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How to Think Real Good (2013) (meaningness.com)
131 points by michael_fine 3 months ago | hide | past | web | favorite | 6 comments

Interesting read that loops full circle to classic AI debates.

I was frustrated a bit by the dismissal of probability theory, though, as if Bayes theory solved it, and by extension, and probability as a whole could be dismissed.

A lot of the issues the author raises are limitations with Bayesian (at least classical Bayesian) theory. The author's critisms dovetail with some areas of probability theory (cf Jaynesian or algorithmic probability literature); I suspect their concerns are one in the same at some level as some of the concerns discussed there.

The problem is uncertainty to various degrees is fundamental to reasoning, so probability must be involved at some level. An integrated approach is needed. I agree that Bayesian theory per se isnt the end of the story, but something involving probability will be part of it (and because Bayesianism is a big part of that, probably that too).

> but something involving probability will be part of it

quantum mechanics without the physics?

> "Even though it was discovered by physicists, it's not a physical theory in the same sense as electromagnetism or general relativity. <...> Quantum mechanics is what you would inevitably come up with if you started from probability theory, and then said, let's try to generalize it so that the numbers we used to call "probabilities" can be negative numbers."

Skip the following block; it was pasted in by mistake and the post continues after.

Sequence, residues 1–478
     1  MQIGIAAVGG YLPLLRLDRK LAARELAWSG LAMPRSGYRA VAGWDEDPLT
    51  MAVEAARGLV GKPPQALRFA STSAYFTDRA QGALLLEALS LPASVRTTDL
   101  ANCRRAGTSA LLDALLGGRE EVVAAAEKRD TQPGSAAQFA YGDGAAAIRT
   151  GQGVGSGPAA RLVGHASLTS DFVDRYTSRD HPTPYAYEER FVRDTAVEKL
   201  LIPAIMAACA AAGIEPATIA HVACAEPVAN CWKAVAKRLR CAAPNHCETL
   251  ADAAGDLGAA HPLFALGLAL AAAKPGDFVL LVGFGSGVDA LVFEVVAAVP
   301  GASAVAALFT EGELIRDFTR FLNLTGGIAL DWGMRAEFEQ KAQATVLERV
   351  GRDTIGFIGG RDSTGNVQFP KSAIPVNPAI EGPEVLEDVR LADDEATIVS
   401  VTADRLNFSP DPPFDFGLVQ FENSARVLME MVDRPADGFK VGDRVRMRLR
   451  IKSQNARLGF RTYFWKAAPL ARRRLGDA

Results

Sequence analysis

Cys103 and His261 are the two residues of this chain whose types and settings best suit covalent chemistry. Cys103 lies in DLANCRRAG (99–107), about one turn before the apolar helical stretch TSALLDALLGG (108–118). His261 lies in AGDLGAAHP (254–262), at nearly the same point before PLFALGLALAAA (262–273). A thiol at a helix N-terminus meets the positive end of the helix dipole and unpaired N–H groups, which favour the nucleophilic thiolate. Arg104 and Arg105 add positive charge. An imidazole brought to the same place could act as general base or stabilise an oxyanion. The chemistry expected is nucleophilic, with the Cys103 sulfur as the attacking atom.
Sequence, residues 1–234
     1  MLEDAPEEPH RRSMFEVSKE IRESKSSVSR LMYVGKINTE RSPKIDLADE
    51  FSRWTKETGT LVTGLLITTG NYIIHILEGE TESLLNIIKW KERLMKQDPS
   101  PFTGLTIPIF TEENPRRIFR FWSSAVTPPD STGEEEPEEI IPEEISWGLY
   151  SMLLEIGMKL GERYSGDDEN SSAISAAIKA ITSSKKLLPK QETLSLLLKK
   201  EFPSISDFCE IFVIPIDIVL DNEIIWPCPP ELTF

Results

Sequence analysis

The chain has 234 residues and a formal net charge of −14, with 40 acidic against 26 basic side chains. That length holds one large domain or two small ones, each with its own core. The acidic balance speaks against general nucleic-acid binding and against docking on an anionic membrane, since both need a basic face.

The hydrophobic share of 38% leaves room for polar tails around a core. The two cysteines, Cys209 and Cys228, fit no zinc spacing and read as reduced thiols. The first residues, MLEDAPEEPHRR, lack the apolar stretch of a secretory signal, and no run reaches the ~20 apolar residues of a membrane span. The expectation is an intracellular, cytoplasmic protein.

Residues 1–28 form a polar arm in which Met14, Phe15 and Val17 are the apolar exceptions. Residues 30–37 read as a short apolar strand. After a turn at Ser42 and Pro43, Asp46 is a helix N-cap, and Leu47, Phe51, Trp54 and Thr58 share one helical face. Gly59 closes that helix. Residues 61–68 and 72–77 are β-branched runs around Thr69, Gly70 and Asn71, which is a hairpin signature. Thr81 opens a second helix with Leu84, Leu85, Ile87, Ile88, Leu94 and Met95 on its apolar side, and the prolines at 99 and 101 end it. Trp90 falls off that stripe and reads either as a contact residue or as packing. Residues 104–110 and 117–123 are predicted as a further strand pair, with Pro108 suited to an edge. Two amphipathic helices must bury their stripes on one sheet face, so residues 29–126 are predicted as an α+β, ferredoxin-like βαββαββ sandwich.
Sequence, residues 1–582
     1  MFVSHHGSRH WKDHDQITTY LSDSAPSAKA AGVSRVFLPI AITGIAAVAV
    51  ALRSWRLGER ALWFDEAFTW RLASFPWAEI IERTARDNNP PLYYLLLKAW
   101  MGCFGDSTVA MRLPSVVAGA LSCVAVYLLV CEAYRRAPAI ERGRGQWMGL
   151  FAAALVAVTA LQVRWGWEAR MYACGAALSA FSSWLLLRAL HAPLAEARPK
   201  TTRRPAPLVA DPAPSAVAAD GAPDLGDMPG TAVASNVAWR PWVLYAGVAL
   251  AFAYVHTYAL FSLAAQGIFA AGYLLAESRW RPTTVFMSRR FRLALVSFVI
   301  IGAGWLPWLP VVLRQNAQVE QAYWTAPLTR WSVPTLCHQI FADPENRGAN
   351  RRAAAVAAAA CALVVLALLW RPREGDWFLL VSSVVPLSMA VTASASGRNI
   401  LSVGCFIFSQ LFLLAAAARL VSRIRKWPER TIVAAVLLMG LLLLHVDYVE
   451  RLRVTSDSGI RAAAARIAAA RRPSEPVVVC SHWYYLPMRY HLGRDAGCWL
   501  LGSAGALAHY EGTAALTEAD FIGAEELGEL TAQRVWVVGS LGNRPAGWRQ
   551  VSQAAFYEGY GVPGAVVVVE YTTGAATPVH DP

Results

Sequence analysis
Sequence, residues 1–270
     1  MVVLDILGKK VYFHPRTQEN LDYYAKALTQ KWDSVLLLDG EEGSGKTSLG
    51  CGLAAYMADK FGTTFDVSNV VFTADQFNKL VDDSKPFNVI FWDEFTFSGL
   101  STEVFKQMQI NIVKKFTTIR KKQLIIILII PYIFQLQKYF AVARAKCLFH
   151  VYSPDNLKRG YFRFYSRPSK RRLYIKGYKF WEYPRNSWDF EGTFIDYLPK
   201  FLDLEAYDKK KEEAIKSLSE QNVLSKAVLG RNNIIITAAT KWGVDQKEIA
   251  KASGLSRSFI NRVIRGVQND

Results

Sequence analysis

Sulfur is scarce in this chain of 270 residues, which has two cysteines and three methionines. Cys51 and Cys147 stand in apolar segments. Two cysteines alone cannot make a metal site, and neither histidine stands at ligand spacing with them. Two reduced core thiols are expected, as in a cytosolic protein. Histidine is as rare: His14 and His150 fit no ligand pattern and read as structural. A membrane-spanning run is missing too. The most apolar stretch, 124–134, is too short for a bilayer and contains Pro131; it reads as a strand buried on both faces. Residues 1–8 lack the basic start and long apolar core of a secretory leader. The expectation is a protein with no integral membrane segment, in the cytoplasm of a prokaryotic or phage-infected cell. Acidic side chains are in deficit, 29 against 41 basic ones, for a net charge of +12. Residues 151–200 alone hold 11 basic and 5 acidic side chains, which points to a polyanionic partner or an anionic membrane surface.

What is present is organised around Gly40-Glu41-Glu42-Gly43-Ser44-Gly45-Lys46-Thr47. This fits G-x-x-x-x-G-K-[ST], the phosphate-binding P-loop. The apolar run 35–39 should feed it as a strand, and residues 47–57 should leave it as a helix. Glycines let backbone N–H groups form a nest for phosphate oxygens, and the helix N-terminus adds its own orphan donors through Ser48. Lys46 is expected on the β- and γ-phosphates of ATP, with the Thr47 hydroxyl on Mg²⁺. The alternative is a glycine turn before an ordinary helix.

> Work through several specific examples before trying to solve the general case. Looking at specific real-world details often gives an intuitive sense for what the relevant distinctions are.

This describes well why I like the more functional approach to programming (whether within an OO framework or otherwise). I often find myself solving a problem a number of times before I abstract it. And usually creating said abstraction before the problem appears leads to over-engineering.

When writing 'functional' code, I come up with solutions that are isolated enough that I can later replace them with various more abstract solutions, whereas the more OO or procedural approach can leave me with a mess that is too much work to disentangle.

I'm the same. One of my work projects is a fairly large code base and we add new features to it regularly. When I'm adding a new feature I generally prototype it all in one file (or at least as few as possible).

Once I have something working, I try to simplify it, then I look at the relationships within the code and as it interfaces with other code. The abstraction usually becomes quite obvious at that point. This approach of starting "dirty" usually results in very clean code at the end of refactoring. If I try to start clean, it is usually far dirtier and I end up changing much of the architecture anyway. So, it seems more efficient to start without any architecture and then tailor fit at the end.

I guess it's like writing text, it's best start with a rough draft to get the ideas down, then you can organize it once you've got a working version.

In terms of academic philosophy, I would say he is doing a version of pragmatism.

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